The city of Tetouan is strangely enchanting with its dramatic setting of the somber Rif
Mountains and the cheerful and colorful Martil Valley. The discolored white walls give way
to bursts of color here and there while green tile roofs frame the odd mixture of Spanish and
Moorish architecture. The people here are friendly and very much engaged in the business of
living. Traders guilds abound, which means shopping opportunities are good.
At one time, Tetouan had acquired a reputation amongst foreigners as being a bit touristy – a
place where foreigners had difficult experiences. Fortunately local government realized how
the annoyance was hurting the city tourism so officials began making sure that friendly
guides remained friendly. As a result touring Tetouan has been a very pleasant experience for
many years and you can be sure that a visit to Tetouan will be enjoyable. Indeed, you will be
left to admire the truly beautiful backdrop to the city while you walk between the charming
old buildings as you attempt to imagine living in Morocco’s historical past.
Tetouan was established in 1305 as a base of operations against Sebta. Sometime later it
became a pirate lair until it was destroyed, only to be repopulated in the 16th century by
Muslims and Jews who had been exiled from Andalusia. It wasnt long before the city began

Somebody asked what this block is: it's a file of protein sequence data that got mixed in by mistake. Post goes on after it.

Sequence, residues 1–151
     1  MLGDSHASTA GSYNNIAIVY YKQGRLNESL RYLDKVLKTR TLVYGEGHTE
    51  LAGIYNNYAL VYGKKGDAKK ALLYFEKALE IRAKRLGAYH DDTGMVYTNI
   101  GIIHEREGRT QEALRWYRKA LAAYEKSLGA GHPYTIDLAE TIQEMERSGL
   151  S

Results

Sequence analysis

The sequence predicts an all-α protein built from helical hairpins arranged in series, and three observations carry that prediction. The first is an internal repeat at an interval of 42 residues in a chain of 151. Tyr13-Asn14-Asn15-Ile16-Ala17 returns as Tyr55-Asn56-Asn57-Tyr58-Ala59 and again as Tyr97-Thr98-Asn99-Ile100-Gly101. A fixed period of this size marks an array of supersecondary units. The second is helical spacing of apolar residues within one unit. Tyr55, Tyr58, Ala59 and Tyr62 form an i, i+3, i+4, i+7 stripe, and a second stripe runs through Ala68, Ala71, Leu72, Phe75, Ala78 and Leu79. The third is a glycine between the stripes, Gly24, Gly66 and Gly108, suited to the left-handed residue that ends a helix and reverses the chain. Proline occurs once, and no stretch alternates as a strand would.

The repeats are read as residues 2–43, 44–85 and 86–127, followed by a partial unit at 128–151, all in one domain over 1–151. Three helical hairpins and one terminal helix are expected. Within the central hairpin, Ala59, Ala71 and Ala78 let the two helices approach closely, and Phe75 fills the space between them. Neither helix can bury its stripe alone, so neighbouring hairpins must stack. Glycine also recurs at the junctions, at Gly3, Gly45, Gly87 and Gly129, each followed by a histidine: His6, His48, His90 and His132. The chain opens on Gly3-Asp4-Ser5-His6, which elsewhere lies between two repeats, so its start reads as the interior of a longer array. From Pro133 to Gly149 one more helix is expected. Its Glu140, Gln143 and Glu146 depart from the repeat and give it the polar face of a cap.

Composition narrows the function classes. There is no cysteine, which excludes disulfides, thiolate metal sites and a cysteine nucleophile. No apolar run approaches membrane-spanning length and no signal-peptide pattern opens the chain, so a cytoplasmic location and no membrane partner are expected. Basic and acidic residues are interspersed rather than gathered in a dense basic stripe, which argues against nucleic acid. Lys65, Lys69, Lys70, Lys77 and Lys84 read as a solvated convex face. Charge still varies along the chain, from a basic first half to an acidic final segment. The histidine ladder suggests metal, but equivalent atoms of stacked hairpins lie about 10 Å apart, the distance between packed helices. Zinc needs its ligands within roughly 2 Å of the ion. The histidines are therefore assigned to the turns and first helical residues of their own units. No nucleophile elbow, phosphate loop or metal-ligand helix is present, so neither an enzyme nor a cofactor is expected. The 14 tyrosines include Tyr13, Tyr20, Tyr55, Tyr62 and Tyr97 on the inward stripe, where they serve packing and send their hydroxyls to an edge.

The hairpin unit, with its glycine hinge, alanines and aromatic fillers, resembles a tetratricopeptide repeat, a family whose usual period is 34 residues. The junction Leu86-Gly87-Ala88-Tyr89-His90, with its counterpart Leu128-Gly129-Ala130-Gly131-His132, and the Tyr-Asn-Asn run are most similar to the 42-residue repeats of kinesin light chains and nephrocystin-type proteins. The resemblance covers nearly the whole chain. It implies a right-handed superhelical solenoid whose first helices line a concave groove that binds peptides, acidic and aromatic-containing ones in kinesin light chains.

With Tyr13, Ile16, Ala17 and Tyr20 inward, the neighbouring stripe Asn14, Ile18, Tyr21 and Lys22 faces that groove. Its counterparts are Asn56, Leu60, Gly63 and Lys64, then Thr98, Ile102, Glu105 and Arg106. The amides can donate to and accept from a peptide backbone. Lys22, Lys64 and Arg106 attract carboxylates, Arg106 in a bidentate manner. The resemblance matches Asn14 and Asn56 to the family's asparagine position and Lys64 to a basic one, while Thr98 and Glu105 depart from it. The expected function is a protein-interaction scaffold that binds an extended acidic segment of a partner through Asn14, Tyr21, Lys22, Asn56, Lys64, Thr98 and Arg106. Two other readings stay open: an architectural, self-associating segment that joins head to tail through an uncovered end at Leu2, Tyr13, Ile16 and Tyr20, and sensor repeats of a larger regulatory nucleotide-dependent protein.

to prosper. Today you will find it surrounded by orchards of oranges, almonds, pomegranates
and cypress trees. The city is noted for its culture. As you make your way around you will
find woman selling their honey, butter, vegetables and herbs in oddly mixed clothing. The
Hassan II Square is where the old and new town meet and is the heart of the city. It has
distinct Andalusian charm with its wrought iron balconies, fountains and flower boxes, and
kiosks and shops are plentiful. As you explore the streets you will likely find that each one is
occupied by a trade guild which can be very interesting to watch.
Besides all this, Tetouan has a number of monuments. A fort, walls and well preserved fences,
mosques, fountains and foundouks all provide an interesting look into the city history. The
Khalifa old palace, a seventeenth century building, is also definitely worth a look as it is an
great example of Hispano-Moresque architecture. After that there are two museums, a
conservatory, a School of Moroccan Art and a College of Fine Arts to visit. However none of
these things quite surpass the experience of walking through the city winding streets and
discovering the history hidden in its walls.